At first, it was a subtle itch far back in the throat. Soon, it was followed by a series of progressive symptoms; loss of appetite, alternating chills and sweats, body aches, coughing, congestion in head and upper chest. I felt like I had been beaten by a gang with bats.
Wrapped up like a moth in a cocoon, in bed in a room with no TV, stereo, radio, or computer. Just an alarm clock. I used my phone the next three days only to text work I would not be in. A complete and utter seventy-two-hour digital and human blackout.
Three days of periods of sleep alternating with restless tossing in bed. Only the sound of my own coughing and the occasional airplane overhead interrupted this prolonged stillness. When I got bored with my thoughts, or realized I was beginning to believe some of the stuff I was thinking, I gave prayer a chance. But this was not my usual kind of prayer.
This prolonged physical discomfort and solitude rubbed out any desire for simply going through my regular morning practice. Caught in this vice between my powerlessness to get well and my need for help, I dropped routine, and my real self came pouring through.
I found myself talking to God like he was sitting on the end of my bed—like a hurting child who doesn’t care what he looks like. “God, I feel like shit! This really sucks. How long is this thing going to last?”
This little prayer did not seem profane—rather it occurred to me it was almost Holy, like He was nodding his head in understanding and sympathy.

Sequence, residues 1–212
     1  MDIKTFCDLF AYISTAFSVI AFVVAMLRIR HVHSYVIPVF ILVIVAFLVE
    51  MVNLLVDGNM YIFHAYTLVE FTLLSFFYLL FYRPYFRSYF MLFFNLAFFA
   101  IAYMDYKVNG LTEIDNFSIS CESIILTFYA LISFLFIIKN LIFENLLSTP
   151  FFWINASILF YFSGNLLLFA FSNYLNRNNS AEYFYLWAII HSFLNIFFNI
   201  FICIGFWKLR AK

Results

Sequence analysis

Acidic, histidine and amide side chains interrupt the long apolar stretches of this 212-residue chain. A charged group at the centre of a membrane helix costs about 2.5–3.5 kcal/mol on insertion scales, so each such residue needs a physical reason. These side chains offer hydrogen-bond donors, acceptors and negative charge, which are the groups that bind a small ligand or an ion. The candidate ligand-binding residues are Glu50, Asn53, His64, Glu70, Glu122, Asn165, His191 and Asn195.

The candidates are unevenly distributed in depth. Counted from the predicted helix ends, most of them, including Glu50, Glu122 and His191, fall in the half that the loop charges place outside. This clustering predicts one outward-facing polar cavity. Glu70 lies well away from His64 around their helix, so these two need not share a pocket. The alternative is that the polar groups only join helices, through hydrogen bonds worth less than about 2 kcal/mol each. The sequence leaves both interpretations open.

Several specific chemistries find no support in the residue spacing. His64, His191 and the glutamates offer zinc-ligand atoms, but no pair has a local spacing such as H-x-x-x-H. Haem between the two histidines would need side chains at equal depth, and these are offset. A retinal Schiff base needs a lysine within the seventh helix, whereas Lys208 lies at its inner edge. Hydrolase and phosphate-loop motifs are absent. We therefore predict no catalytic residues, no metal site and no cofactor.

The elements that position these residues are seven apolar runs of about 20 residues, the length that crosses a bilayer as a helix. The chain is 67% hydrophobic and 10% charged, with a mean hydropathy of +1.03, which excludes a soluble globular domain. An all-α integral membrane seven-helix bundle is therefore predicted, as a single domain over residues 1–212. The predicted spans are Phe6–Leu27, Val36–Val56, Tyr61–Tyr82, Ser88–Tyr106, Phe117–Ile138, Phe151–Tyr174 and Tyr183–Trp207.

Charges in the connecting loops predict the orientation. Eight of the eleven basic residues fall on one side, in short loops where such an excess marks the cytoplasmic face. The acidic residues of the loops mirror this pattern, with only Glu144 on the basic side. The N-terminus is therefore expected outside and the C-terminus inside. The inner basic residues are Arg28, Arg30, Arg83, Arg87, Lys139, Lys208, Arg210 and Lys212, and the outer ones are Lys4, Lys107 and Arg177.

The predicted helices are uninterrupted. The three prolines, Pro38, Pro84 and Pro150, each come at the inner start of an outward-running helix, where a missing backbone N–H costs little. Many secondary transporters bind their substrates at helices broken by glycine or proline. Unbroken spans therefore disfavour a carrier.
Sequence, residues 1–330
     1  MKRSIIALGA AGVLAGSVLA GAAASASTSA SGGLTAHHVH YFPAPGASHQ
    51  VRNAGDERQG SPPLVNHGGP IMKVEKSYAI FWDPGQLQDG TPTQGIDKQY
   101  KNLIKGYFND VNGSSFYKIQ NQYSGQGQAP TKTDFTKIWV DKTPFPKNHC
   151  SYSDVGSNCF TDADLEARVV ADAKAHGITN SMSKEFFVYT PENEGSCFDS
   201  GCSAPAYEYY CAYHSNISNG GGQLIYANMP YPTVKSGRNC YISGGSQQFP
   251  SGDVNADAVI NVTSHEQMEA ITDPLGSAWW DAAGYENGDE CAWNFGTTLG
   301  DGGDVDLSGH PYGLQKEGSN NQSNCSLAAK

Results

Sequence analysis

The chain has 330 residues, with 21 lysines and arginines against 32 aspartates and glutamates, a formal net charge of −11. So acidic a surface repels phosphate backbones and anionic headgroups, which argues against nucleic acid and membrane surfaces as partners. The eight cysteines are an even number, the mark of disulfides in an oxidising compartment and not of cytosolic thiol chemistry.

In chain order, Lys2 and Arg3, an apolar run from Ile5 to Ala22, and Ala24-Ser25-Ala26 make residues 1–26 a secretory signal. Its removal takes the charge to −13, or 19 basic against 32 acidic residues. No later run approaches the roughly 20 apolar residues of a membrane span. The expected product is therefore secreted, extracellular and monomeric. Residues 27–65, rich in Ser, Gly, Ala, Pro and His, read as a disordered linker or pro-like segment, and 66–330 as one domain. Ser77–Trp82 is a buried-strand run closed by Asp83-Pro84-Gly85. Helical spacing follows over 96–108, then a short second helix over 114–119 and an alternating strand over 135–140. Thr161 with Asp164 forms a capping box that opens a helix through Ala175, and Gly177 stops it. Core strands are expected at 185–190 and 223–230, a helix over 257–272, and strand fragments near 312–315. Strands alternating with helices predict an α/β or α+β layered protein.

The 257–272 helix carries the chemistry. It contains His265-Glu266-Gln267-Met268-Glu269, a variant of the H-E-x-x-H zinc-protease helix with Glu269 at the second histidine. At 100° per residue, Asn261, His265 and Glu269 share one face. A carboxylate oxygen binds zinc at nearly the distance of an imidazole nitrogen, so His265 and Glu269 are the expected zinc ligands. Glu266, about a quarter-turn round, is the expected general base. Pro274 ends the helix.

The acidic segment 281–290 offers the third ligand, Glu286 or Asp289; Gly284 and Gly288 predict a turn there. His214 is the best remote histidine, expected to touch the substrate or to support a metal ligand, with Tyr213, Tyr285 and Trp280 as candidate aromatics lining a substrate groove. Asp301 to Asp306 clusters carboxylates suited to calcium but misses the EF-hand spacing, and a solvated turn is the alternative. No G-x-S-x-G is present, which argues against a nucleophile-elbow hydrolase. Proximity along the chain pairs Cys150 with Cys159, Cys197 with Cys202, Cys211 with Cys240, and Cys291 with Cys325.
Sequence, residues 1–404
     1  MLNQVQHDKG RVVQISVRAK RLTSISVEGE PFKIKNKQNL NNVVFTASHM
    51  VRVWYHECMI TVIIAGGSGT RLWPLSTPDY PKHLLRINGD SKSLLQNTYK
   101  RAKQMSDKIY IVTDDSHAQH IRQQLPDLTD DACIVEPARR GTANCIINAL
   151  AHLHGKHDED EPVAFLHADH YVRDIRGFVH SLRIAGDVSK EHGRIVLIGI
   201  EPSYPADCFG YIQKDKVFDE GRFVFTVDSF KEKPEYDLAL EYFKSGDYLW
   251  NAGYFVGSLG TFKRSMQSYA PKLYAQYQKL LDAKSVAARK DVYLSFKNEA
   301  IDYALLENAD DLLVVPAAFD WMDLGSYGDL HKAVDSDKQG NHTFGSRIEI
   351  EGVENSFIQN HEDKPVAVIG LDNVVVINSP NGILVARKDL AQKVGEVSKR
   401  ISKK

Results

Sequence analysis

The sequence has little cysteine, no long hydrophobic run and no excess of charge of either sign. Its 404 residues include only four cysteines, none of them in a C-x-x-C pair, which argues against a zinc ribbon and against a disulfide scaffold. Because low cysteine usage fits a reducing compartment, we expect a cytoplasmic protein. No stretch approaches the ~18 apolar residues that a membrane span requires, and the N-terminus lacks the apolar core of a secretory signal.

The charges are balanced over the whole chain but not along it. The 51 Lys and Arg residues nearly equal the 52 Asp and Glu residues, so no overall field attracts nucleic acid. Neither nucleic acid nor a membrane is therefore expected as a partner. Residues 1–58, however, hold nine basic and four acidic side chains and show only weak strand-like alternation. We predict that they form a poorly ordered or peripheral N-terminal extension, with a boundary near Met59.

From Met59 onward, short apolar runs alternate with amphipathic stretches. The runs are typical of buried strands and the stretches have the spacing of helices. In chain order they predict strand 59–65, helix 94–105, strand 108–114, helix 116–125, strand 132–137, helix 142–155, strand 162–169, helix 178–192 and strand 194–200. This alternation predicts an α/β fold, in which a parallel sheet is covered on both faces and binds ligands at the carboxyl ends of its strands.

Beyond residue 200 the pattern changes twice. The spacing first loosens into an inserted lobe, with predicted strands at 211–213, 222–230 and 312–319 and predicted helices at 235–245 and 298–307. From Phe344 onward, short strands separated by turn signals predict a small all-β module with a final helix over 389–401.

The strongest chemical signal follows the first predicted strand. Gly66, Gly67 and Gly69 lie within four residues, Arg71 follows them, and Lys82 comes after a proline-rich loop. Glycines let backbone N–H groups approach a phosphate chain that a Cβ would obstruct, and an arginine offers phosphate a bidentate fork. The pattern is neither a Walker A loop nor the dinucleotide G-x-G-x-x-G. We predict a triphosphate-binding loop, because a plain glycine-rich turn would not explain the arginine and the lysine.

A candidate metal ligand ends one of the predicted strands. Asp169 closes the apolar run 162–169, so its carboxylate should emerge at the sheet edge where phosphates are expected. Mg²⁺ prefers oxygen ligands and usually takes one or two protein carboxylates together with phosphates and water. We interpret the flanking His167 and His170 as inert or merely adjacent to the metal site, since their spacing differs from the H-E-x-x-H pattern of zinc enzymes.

For the next three days the two of us engaged in a running dialogue—between my naps, my coughing and sneezing spells. Like Tevye, in Fiddler on the Roof, walking along the road, pulling his lame milk cow, and glancing to the heavens, he registers his complaint – “So God, this is how you treat your friend Tevye?”
The light finds a crack in the window blinds, and I don’t know if the day is coming in or going out. Turning my head to the window, I continue talking with God ,(who by now I was sure was sitting here with me), not with profundity and religious terms, but like a kid turning to his Dad for help. I talk to him about my fears, my hopes, and my dreams— for myself, for my wife, for my children and grandchildren, and for family and friends. I sense a deep listening ear, and a loving nod, as if fully understanding everything.
Towards the end of this three-day “sick retreat”, I ended in a place I had always been, but had forgotten— I am just another one of God’s kids, talking to his Papa, and trusting that everything was in good hands.
My life is not a secret to Him. He knows, and he cares. It was this simple but intimate connection that I was in danger of losing, until sequestered for three days in this room.
I have heard that all addiction is in essence an inability to connect with the three things in life that really matter—with God, with our true selves, and with others. It is a disease of disconnection, and recovery starts when those connections are re-established.
Yet, all around me are all these siren-calls to make “pseudo-connections” – connections that appear to be real but are not. Even Prayer and meditation can become another “pseudo-connection” if I lapse into it as a rote exercise. This three day digital disconnect has made me aware of something; My life is not measured by how many connections I have, or how often, but by the quality of my connections with those that matter; with God, with myself, and with whomever he places in my life.
No, I am not going “dark” to digital information and connection. But, I have been reminded once again of what it is I need to grow as a human being. It is not technology. It is not even more information. It is heart, it is spirit, it is soul – it is honest, helpless, surrendered prayer.
And if the occasional disconnect with digital helps me remember that, it’s not such a bad thing.
My 2017 wish for us all: Stay connected to the things that really matter.
Happy New Year,